Access to the plant for three aggregates (a blend sand to 3/8 in., a classified 1-in.+ and the unclassified waste rock for backfill) was to be from the hilltop above and adjacent to the portals. The three aggregate bins would total 1,000 tons, and the dual powder silos would each be sized at 250 tons—requiring a large-sized enclosure capable of protecting the plant equipment: a 10.5-yd3 (8,000 liter) output twin-shaft compulsory mixer, 3.5 million Btu hot water heater, dual ramped wash-water weir pits, admixture storage, batching hopper and dual apron feeders for the offset two aggregates, with the sand gravity fed into the 12-yd3 cumulative aggregate batcher to a 60-in. (1,524-mm) high-speed transfer belt.  

The all-weather enclosure required a heavy snow load design and wind load capability—not to mention the fact that the plant location was to be in close proximity to a fault line and the resulting seismic requirements. Garcia and Ober’s design team chose a sandwich panel siding of aluminum powder-coated exterior and stainless steel light colored reflective enclosure panel of 4 in. (100 mm). The plant was designed as cut into the hillside.

Onsite Fabrication
Undertaking an onsite fabrication of a large-scale plant such as the Cortez Hills plant required a crew of 55 personnel working seven days per week for five months. The onsite fabrication is a trademark of the PA+PO crews and was used here in lieu of a factory purchased option due to the totally custom nature of the design and the savings afforded by not utilizing bolt-together structures, but rather fully welded steel structures and plate sub assemblies, which would have required some 35 truckloads if fabricated offsite and transported to site.

Site Infrastructure Requirements of the Design-Build Team
The all-welded steel structure of the plant was designed to sit atop a floating monolithic concrete slab of four levels of 1-in. reinforcing steel with 2-1/2-in.-diameter anchor bolt embeds to affect the requirements of the seismic zone for both the mixer and powder silos tower structure, as well as the 700-ton aggregate structure. PA+PO construction crews together with selected excavation and concrete subcontractors completed the infrastructure required in less than three weeks time working 14 hour shifts seven days per week. The concrete work was hurried prior to the early arriving winter weather in this high desert locale.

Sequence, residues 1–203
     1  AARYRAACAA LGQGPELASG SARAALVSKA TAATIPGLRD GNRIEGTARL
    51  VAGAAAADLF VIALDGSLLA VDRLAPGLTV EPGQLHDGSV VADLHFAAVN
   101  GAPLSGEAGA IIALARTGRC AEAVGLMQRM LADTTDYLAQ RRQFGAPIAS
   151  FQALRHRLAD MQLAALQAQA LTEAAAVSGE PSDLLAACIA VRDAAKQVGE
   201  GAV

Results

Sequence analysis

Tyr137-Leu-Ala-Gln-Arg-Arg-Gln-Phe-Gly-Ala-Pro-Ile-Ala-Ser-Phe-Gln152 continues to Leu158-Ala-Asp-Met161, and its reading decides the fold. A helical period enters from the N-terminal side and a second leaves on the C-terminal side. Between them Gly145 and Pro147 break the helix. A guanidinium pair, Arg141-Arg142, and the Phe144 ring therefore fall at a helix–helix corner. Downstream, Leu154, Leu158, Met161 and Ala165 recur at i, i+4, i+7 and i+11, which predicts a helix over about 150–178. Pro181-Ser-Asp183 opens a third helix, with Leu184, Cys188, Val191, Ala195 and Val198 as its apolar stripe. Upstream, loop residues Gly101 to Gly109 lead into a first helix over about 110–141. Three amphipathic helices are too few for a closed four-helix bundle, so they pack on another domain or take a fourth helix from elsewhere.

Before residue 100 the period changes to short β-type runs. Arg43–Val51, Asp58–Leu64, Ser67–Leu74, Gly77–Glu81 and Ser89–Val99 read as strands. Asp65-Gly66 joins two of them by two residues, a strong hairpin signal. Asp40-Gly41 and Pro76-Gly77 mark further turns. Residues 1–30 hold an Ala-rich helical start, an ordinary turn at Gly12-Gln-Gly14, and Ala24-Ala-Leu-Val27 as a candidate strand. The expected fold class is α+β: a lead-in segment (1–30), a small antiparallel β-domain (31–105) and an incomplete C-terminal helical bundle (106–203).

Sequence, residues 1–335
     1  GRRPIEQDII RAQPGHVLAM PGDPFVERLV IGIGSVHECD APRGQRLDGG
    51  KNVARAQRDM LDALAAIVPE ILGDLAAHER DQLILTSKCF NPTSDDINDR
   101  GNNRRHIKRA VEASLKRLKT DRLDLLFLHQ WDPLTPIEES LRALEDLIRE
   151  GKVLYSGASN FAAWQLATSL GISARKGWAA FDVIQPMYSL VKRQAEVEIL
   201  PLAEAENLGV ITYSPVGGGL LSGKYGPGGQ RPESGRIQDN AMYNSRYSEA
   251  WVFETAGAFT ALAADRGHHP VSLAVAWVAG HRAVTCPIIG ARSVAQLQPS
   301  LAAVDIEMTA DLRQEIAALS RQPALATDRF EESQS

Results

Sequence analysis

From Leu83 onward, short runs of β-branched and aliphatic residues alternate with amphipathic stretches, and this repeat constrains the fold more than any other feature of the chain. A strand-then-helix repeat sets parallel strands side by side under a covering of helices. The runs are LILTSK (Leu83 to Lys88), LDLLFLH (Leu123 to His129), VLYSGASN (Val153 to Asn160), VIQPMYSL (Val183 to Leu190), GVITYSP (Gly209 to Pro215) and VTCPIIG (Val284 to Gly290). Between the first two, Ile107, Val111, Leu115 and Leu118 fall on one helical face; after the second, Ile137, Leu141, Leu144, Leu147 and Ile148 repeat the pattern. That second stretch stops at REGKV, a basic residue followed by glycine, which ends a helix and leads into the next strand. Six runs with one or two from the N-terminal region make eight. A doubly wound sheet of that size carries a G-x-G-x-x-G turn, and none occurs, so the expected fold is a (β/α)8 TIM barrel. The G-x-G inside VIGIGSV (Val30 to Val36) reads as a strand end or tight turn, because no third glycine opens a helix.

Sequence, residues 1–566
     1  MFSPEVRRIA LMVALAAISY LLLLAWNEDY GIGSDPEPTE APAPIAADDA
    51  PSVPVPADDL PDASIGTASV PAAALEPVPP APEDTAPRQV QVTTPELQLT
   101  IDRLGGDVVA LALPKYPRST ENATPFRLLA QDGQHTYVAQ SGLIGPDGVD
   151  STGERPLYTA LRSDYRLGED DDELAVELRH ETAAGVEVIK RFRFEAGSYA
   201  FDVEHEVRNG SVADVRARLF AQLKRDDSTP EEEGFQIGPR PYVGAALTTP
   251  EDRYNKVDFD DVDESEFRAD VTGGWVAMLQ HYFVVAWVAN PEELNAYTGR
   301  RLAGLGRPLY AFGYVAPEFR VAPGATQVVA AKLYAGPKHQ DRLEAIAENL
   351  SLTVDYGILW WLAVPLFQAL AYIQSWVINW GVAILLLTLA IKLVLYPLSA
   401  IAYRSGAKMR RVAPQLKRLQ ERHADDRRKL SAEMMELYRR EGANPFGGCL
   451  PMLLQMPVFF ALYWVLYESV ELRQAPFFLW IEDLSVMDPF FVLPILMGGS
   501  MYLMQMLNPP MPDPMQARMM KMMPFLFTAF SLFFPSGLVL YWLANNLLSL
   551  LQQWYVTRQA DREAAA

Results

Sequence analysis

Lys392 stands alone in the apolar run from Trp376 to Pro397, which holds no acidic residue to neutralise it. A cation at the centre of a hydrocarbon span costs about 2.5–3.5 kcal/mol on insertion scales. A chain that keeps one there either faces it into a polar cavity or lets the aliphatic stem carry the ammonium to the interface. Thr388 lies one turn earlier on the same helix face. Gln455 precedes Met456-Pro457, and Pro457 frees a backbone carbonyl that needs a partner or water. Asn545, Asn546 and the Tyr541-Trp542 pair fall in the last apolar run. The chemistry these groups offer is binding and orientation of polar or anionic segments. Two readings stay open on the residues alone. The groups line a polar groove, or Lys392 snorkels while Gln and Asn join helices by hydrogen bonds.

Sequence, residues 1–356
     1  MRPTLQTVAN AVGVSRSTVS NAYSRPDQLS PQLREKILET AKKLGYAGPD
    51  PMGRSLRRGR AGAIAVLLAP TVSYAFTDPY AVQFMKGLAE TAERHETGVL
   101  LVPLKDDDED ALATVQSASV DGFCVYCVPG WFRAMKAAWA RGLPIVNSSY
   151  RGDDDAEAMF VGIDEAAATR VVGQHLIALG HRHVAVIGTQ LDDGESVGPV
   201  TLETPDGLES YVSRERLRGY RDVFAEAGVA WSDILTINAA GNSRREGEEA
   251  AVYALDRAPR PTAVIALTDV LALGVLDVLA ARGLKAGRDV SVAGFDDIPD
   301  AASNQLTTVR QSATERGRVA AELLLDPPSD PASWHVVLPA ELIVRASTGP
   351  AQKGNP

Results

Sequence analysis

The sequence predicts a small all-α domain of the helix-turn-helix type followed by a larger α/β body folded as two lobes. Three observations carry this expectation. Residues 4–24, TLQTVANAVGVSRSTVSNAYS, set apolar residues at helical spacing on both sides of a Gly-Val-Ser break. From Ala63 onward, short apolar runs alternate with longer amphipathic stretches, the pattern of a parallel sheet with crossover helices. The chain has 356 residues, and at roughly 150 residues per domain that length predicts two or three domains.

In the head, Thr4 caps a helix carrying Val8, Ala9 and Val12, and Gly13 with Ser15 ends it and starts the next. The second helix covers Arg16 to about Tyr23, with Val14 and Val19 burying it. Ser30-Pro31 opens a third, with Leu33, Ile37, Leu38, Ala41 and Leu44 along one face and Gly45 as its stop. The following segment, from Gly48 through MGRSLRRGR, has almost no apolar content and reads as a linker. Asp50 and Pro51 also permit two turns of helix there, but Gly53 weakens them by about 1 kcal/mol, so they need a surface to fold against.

The plant was originally to be placed into a cut made into the highwall above the portals of the underground mine; however, shortly after the project was started in fabrication Barrick decided it would be best to have PA+PO fabricate a steel structural bridge as integral to the plant, with a concrete deck for the dual 988 Caterpillar loader feed of aggregates from the topsides of the plant arrangement. This required PA+PO undertake a 16-ft-deep (4.8-m) concrete abutment for slope stabilization and bridge anchoring, and a 24-in.-thick (600-mm) concrete bridge deck. PA+PO fabricated a 75-ft (23-m) structural steel bridge that its engineering department completed in-house and sent out to a third-party structural engineering firm for certification. This loader access bridge was designed to also offer topsides access from the load-out level below via a series of stairs and catwalks. The topsides elevation is 68 ft above the plant discharge level below.